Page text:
But there's more to do. As you know, the state of Wisconsin has submitted a bold plan to reform welfare. We're working closely with Governor Thompson's staff, and I am committed, as I've said before, to getting this done. I'd just like to emphasize the things about this Wisconsin plan which are compelling to me: The idea that people should be required immediately to be ready to go to work, but that in return, they would have health care and child care guaranteed; and that the welfare money could be used to pay income supplements or wage supplements to private employers to put these people to work; and that if there is no private employment, these folks will be given community service jobs. That's what we ought to be doing everywhere. If we can create these jobs, we ought to require people to take them.
Clinton signed the Personal Responsibility and Work Opportunity Reconciliation Act into law soon after, on August 22, 1996. The main thrust of the bill was to put limits on how long one could receive welfare, along with adding programs intended to push recipients toward work and self-sufficiency. These programs vary across states, but can include support for training, job search, child care subsidies, programs to reduce out-of-wedlock pregnancies, and more. The program was renamed as Temporary Assistance for Needy Families (TANF). For a sense of what has happened since then, and what may happen next, a useful starting point is the January 2015 report from the Congressional Budget Office: "Temporary Assistance for Needy Families: Spending and Policy Options."

Here's a figure showing total national spending on TANF, and on AFDC before it, since 1994. The program includes both federal and matching state-level spending. The total amount spent has not change much, after adjusting for inflation. However, the composition of that spending has shifted substantially. Back in 1994 almost all of the spending was cash assistance, while the spending now comes primarily in the form of work support and other services.

One big change in the aftermath of welfare reform was that when work requirements and time limits were added, the number of recipients fell sharply. Some of this change may be due to the strong economy and low unemployment rates in the second half of the 1990s, but even in the recessions of 2001 and 2007-9, the number of recipients barely budged. The dark line shows the number of recipients of TANF and AFDC; the green line shows the average cash benefits per household, adjusted for inflation. In other words, the similar spending on TANF/AFDC over time, combined with a lower level of recipients, means that the remaining recipients could get roughly the same level of cash benefits, but also receive a number of other work support and other services.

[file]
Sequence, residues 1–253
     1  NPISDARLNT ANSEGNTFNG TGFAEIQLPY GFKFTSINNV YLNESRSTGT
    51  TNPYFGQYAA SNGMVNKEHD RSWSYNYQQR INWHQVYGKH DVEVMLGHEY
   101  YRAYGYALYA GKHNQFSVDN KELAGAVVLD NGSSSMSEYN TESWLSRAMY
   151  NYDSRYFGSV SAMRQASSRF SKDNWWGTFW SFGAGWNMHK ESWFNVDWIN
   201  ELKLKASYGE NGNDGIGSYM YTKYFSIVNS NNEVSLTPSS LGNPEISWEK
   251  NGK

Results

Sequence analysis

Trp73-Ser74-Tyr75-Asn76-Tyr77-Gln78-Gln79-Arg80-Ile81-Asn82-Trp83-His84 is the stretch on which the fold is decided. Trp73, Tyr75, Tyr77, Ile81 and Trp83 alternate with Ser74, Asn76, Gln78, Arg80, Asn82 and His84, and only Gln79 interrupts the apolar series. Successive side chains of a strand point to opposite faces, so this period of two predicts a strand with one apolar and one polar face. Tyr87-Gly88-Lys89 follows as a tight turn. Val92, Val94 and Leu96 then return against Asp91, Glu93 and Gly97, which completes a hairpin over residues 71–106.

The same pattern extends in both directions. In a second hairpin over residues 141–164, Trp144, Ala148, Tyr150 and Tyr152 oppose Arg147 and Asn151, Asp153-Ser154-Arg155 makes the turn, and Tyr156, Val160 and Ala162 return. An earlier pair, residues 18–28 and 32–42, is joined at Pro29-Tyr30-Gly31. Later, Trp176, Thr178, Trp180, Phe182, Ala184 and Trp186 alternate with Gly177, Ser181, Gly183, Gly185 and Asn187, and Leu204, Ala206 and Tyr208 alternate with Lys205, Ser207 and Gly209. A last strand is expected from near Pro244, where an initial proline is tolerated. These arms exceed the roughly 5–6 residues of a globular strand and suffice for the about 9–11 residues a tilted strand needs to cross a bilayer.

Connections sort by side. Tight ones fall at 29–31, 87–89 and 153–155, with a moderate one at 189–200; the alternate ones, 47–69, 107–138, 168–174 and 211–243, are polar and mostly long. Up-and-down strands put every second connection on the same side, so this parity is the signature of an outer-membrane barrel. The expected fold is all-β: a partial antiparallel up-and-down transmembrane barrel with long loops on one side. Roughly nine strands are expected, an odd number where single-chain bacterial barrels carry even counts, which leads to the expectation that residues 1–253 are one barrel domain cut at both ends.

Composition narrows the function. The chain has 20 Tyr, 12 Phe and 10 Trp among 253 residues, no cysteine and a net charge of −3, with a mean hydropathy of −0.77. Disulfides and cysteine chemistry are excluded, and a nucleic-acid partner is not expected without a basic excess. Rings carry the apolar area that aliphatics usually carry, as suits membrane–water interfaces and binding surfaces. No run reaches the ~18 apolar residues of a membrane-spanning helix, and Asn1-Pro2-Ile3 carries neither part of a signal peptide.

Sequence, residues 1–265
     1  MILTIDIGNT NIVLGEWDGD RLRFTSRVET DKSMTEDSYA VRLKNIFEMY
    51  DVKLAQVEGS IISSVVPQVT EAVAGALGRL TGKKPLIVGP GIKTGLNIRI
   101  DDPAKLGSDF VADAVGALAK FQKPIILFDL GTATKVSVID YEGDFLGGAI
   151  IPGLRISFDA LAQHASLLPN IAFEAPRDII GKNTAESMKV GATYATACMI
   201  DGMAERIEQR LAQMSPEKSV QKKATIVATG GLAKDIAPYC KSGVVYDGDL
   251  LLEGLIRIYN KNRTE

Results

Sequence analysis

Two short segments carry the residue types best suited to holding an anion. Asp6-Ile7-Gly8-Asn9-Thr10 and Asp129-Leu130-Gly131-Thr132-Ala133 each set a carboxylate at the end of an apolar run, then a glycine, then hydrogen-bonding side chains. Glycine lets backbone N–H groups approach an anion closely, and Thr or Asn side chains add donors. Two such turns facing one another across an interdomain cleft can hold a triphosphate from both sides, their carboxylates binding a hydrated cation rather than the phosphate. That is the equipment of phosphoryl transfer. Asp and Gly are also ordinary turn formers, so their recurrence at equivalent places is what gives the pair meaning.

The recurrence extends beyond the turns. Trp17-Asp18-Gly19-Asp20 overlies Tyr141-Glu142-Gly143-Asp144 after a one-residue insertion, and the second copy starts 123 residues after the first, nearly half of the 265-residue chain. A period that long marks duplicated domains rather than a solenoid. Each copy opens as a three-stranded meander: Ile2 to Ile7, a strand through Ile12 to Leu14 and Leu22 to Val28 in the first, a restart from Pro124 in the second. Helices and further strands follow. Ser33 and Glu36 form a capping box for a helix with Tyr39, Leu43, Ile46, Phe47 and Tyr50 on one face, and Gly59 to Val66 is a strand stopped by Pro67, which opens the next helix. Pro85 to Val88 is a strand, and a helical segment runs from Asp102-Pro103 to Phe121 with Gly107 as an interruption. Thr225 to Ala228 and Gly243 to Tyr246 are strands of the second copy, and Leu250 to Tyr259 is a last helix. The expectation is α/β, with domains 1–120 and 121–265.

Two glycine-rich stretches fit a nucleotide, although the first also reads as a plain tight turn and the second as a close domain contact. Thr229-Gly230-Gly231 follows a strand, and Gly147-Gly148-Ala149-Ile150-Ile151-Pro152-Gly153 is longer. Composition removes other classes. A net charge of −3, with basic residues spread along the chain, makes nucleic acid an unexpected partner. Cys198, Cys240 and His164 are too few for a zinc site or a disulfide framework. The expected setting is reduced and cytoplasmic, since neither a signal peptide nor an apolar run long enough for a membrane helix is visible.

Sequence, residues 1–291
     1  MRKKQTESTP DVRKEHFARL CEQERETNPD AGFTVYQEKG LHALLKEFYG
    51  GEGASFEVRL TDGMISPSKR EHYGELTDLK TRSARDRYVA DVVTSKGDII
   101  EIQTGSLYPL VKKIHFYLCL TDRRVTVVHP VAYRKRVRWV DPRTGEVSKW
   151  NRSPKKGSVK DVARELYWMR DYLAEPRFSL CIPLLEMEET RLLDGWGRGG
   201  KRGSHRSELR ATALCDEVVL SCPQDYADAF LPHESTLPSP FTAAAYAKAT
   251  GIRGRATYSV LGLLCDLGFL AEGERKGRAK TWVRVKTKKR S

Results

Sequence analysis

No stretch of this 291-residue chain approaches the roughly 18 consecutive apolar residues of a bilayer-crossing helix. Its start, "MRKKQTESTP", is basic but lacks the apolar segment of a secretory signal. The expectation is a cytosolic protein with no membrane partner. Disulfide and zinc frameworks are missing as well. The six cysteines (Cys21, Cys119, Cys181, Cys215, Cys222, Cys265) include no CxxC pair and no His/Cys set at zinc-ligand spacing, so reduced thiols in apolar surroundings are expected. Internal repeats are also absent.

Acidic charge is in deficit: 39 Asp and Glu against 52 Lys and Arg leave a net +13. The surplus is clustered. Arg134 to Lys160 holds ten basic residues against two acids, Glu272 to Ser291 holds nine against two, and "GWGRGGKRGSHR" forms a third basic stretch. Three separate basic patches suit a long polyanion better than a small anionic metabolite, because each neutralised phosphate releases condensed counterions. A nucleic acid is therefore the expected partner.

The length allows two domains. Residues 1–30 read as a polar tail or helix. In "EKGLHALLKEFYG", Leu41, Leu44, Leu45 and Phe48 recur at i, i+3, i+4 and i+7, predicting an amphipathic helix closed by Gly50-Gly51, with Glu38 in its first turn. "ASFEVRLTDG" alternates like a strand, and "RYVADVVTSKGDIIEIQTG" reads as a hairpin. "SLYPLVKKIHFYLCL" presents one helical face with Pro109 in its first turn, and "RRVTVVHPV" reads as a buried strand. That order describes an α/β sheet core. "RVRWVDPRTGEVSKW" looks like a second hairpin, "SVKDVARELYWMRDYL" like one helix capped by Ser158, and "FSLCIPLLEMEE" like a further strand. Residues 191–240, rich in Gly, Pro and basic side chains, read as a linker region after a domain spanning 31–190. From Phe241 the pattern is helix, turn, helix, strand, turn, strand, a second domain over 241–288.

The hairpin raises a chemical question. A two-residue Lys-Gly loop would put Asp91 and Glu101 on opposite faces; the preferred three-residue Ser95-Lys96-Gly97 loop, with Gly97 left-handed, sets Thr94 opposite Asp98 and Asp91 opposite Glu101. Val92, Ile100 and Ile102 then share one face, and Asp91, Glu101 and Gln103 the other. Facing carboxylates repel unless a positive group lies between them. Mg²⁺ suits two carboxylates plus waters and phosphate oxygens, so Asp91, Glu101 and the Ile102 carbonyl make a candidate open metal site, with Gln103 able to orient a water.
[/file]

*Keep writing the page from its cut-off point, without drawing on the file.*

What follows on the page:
AFDC was controversial back in the day in part because it was a cash payment: that is, it wasn't provision of health care to the poor through Medicaid, nor was it provision of food stamps. The value of AFDC was not especially large compared to other means-tested programs for assisting the poor, and with the passage of time since welfare reform, it has become relatively even smaller.

Here's a figure showing federal spending on means-tested programs and tax credits. (Thus, the state-level spending contributions to TANF spending are not included here, but they are less than half the total and would not substantially alter the shape of the figure.)

Cash spending through TANF is the very thin grey area at the bottom of the figure. TANF noncash assistance is shown by the very thin area above that. the next two areas show Supplemental Security Income, which goes to the low-income elderly as well as to low-income people of all ages with disabilities; and the effect of refundable tax credits like the earned income tax credit and the child credit. (The credits are called "refundable" because they not only can reduce the tax liability of those eligible to zero, but they can also generate a payment to the household.) Above this are the main noncash assistance programs, including food stamps and Medicaid.

In short, AFDC was a small share of means-tested assistance to the poor back in 1994--but it was a primary form of cash assistance to a number of recipients. Since welfare reform, the US has continued along this path: a focus on providing health care and food through targetted noncash programs to those with low incomes, while trying to tie cash assistance for the able-bodied to work effort, either through the earned income tax credit or through the work supports in TANF.  

Thursday, January 22, 2015

Where Will the Future Global Jobs Come From?

Economies all around the world need to create jobs. In part, this is to continue the process of recovery from the Great Recession. In part, it is to address expanding workforces in the countries that are still experiencing population growth. And and all around the world, jobs need to be created so that those who have unsatisfactory or insecure jobs have the prospect of something better. The International Labor Organization offers some background on these issues in the January 2015 issue of World Employment and Social Outlook: Trends 2015..

As a starting point: here is an overview of how the ILO sees the need for creating 280 million jobs worldwide in the next five years:
"[T]he global employment outlook will deteriorate in the coming five years. Over 201 million were unemployed in 2014 around the world, over 31 million more than before the start of the global crisis. And, global unemployment is expected to increase by 3 million in 2015 and by a further 8 million in the following four years. The global employment gap, which measures the number of jobs lost since the start of the crisis, currently stands at 61 million. If new labour market entrants over the next five years are taken into account, an additional 280 million jobs need to be created by 2019 to close the global employment gap caused by the crisis."